Grits and Purls

Spinning yarns about the grit of life

If you ask my daughter what she wants to be when she grows up, she will reply, “Cinderella”.

I hate this. I would much prefer to hear that she wants to be an astrophysicist, teacher, fireman or bulldozer driver. Just about anything would be preferable (except politician). I can’t help it; my reaction is part of who I am. I worry that when this bright little girl says she wants to be a princess, she is a little delusional—choosing the path that looks easiest, requires the least work and returns the maximum reward. Find prince charming and you will live happily ever after. The other problem I have with “princess” is that it doesn’t reflect any interest in art or music or science or reading or writing. Maybe my expectations are a bit much for a five year old. I don’t know.

So I squelch my reaction and keep it to myself, because I don’t know what really is appropriate for a five-year-old to say. But I do want her to always feel comfortable “saying”, and she won’t be comfortable telling me the important things later if I poo-poo her five-year-old dreams now. I also know that she probably won’t know what she wants to be when she grows up even when she is thirty, and I know that my daughter will never be who I want her to be: she will be who she is. Right now she loves princesses. Right now she wants to be a princess when she grows up. Right now it’s my job to support and nurture her.

So, I was delighted, when through a family member, she got the chance to make her five-year-old dreams come true and see the Disney princesses live. Our preparations were massive as we packed for her special day with Grandma and Papa, packing not one, but two, princess dresses, a blue Cinderella dress and a Snow White dress. We selected two special wands, an extra-sparkly tiara and two pairs of glittery shoes. She even slept in her favorite, freshly laundered princess pajamas on the eve of her adventure.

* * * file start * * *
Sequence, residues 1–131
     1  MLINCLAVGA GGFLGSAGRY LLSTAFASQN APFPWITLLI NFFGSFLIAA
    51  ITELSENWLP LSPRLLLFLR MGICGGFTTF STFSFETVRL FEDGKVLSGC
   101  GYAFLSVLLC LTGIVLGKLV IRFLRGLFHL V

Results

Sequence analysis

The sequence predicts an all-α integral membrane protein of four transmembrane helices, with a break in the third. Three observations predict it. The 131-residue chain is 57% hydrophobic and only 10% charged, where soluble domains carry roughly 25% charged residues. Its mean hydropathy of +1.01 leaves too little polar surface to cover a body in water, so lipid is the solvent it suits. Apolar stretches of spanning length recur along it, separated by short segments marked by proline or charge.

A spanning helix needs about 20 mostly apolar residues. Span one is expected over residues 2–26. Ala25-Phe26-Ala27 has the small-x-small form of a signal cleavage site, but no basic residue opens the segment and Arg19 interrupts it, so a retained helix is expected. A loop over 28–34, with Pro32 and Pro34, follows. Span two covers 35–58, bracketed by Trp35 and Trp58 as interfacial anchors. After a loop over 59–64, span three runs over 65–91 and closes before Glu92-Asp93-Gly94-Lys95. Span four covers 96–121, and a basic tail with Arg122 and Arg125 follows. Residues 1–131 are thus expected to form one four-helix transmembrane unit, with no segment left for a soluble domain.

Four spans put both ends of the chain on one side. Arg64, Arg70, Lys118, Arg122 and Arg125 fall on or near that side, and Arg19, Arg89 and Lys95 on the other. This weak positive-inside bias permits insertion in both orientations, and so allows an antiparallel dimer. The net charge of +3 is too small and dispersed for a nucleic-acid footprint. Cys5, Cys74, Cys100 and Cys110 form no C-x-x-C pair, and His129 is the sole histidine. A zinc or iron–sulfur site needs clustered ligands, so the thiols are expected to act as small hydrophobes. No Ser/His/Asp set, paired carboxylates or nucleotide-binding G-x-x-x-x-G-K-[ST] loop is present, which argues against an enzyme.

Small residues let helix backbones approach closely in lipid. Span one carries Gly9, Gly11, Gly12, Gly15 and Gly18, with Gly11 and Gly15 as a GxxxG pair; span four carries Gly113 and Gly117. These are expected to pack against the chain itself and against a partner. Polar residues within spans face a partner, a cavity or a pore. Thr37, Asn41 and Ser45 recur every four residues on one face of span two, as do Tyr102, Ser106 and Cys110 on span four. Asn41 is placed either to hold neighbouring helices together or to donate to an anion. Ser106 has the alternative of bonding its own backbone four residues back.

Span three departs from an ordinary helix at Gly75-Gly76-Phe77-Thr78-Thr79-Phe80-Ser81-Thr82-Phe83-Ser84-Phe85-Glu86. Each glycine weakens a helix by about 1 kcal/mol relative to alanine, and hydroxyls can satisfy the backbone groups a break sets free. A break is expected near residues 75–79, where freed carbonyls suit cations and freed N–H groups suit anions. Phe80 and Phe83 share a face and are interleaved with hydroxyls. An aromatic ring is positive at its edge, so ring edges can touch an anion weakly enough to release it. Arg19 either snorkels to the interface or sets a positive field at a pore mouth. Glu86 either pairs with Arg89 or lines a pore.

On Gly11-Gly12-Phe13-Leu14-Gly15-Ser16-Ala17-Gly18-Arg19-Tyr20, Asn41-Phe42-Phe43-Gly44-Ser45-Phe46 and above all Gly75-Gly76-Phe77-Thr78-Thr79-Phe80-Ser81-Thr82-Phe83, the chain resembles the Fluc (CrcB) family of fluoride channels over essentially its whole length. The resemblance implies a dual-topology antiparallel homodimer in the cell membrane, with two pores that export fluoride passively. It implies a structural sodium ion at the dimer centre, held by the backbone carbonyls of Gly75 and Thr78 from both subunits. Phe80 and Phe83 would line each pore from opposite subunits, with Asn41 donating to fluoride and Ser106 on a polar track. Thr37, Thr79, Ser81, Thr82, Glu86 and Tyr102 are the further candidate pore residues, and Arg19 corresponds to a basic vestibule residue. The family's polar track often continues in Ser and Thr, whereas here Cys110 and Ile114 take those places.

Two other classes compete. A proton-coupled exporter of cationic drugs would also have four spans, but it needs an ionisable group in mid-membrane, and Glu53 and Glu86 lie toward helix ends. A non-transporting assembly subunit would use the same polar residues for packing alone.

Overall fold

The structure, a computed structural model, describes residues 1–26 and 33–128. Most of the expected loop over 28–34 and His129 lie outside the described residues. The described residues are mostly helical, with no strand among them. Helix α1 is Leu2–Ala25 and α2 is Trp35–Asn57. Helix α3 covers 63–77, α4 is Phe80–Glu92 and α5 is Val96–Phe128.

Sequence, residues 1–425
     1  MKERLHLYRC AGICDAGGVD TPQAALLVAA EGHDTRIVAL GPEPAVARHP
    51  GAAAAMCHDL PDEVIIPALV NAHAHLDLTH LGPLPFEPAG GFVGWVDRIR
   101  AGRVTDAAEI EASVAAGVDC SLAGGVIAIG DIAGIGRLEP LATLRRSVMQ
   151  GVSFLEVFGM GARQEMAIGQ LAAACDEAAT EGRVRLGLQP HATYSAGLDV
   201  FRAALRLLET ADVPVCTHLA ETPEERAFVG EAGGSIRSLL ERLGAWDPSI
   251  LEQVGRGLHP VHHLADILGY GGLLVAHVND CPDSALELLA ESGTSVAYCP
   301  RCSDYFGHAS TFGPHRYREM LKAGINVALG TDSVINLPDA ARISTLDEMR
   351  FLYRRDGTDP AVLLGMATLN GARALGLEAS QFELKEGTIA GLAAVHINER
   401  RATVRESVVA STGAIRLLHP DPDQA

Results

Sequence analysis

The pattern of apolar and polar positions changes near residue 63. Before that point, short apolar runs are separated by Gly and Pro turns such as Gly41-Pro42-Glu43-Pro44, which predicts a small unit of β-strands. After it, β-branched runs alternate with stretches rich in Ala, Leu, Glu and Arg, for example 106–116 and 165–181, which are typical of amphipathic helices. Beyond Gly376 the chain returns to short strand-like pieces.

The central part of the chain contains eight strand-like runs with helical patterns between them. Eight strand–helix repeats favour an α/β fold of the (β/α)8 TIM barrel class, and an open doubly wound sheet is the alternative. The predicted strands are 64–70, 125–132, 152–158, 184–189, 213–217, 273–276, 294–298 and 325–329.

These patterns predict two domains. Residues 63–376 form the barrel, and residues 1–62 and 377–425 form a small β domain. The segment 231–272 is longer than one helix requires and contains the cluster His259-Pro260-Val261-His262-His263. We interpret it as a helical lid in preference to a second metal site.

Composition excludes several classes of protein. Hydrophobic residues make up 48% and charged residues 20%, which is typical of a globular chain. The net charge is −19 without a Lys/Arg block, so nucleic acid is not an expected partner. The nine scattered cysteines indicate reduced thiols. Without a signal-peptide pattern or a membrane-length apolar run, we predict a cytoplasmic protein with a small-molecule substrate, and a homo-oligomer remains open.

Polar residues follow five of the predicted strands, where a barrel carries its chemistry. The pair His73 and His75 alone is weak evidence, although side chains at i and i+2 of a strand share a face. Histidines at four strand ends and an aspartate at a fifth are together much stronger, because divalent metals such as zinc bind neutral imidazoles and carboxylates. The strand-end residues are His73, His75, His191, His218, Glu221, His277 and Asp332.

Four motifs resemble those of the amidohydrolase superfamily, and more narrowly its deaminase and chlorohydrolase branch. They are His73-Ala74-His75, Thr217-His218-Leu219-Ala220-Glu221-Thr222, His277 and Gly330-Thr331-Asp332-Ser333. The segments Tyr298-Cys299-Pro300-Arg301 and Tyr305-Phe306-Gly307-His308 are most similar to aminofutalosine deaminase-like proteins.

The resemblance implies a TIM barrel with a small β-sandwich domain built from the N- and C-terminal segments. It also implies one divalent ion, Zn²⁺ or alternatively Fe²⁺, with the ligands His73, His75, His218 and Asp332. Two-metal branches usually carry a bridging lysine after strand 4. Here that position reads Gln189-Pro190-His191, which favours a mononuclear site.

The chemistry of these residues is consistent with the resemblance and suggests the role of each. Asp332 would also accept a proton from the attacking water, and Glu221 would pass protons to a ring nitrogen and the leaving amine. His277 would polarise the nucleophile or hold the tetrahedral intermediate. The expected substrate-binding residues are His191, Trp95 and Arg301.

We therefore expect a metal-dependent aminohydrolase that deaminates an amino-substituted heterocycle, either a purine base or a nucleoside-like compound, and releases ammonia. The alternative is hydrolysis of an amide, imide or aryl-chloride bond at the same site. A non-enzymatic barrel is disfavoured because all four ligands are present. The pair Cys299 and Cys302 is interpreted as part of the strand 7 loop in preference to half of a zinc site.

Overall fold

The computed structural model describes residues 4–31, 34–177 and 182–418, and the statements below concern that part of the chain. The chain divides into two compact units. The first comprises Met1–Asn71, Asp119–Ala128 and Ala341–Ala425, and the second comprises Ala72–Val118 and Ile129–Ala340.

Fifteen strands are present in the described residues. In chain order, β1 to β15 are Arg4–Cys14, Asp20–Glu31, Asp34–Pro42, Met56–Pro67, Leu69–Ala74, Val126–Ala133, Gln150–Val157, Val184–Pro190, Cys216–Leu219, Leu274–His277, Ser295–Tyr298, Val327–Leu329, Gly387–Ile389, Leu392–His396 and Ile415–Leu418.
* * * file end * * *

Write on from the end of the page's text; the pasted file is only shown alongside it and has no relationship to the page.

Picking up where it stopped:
After the show, as an extra special treat she was able to spend some time back stage with Snow White, Belle and Cinderella themselves. I wasn’t there, but from the reports and snapshots, shyness was not a problem for my daughter. She was not the least bit intimidated by the princesses in their sparkling tiaras and massive dresses, but rather she took her place among them with grace and aplomb. She told Snow White that because she was wearing her Snow White dress, they were sisters. She hugged each princess, smiled and was gracious and articulate. When asked which princess was her favorite, she thought a minute and then answered honestly (and a little politically) “all of them.”

When her daddy picked her up, he reported that she was talking constantly about her experiences, full of excitement, brown eyes sparkling. Grandma and Papa said her behavior was beyond reproach the entire day. By the time she got home to me, she was exhausted and just needed her bed, her floppy dog and a hug.

I’ve thought a lot about my little princess-want-to-be, especially the reports I had about how composed and poised she was. Part of that composure is her natural personality. Part of that is her desire to be and act like a princess—to have good manners, to be a little more refined, to be nice and care about others. Those are really great qualities to cultivate.

So maybe the desire to be a princess is not such a bad thing after all.

© 2012 Michele Arduengo. All rights reserved.

One thought on “When You Wish Upon a Star

  1. I hear you — I sort of dread the day that The Colonel starts succumbing to the lure of the princess glitter. However, I would also assert that princesses, in real life if not always in Disney life, have rather powerful platforms for good. Consider Princess Diana’s legacy of work against land mines, for example. There are some redeeming qualities along with the nauseating amount of bubble gum pink and sparkles and swooning over vacuous princes. Better for our daughters to aspire to that than to the Evil Queen or wicked stepsister role, I suppose.

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